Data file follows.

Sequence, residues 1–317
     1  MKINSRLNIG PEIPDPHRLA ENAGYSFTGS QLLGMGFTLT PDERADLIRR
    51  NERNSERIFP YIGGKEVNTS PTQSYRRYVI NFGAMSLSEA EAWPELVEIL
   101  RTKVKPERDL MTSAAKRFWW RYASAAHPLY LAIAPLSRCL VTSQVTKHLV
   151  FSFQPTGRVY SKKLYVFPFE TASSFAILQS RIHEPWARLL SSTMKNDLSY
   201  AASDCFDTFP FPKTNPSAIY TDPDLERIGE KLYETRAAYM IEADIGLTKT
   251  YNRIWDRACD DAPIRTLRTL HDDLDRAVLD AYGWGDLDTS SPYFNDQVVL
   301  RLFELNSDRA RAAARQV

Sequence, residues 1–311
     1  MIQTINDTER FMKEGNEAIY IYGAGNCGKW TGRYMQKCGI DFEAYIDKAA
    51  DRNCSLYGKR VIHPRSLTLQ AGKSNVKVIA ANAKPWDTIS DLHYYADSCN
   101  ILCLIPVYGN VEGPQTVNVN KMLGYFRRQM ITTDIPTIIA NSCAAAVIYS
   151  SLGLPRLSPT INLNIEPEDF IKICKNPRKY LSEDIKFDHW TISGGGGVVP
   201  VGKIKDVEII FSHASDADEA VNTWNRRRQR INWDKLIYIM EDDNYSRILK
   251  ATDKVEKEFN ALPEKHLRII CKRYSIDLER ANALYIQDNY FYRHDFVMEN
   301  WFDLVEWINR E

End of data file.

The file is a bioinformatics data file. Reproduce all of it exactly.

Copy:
Sequence, residues 1–317
     1  MKINSRLNIG PEIPDPHRLA ENAGYSFTGS QLLGMGFTLT PDERADLIRR
    51  NERNSERIFP YIGGKEVNTS PTQSYRRYVI NFGAMSLSEA EAWPELVEIL
   101  RTKVKPERDL MTSAAKRFWW RYASAAHPLY LAIAPLSRCL VTSQVTKHLV
   151  FSFQPTGRVY SKKLYVFPFE TASSFAILQS RIHEPWARLL SSTMKNDLSY
   201  AASDCFDTFP FPKTNPSAIY TDPDLERIGE KLYETRAAYM IEADIGLTKT
   251  YNRIWDRACD DAPIRTLRTL HDDLDRAVLD AYGWGDLDTS SPYFNDQVVL
   301  RLFELNSDRA RAAARQV

Sequence, residues 1–311
     1  MIQTINDTER FMKEGNEAIY IYGAGNCGKW TGRYMQKCGI DFEAYIDKAA
    51  DRNCSLYGKR VIHPRSLTLQ AGKSNVKVIA ANAKPWDTIS DLHYYADSCN
   101  ILCLIPVYGN VEGPQTVNVN KMLGYFRRQM ITTDIPTIIA NSCAAAVIYS
   151  SLGLPRLSPT INLNIEPEDF IKICKNPRKY LSEDIKFDHW TISGGGGVVP
   201  VGKIKDVEII FSHASDADEA VNTWNRRRQR INWDKLIYIM EDDNYSRILK
   251  ATDKVEKEFN ALPEKHLRII CKRYSIDLER ANALYIQDNY FYRHDFVMEN
   301  WFDLVEWINR E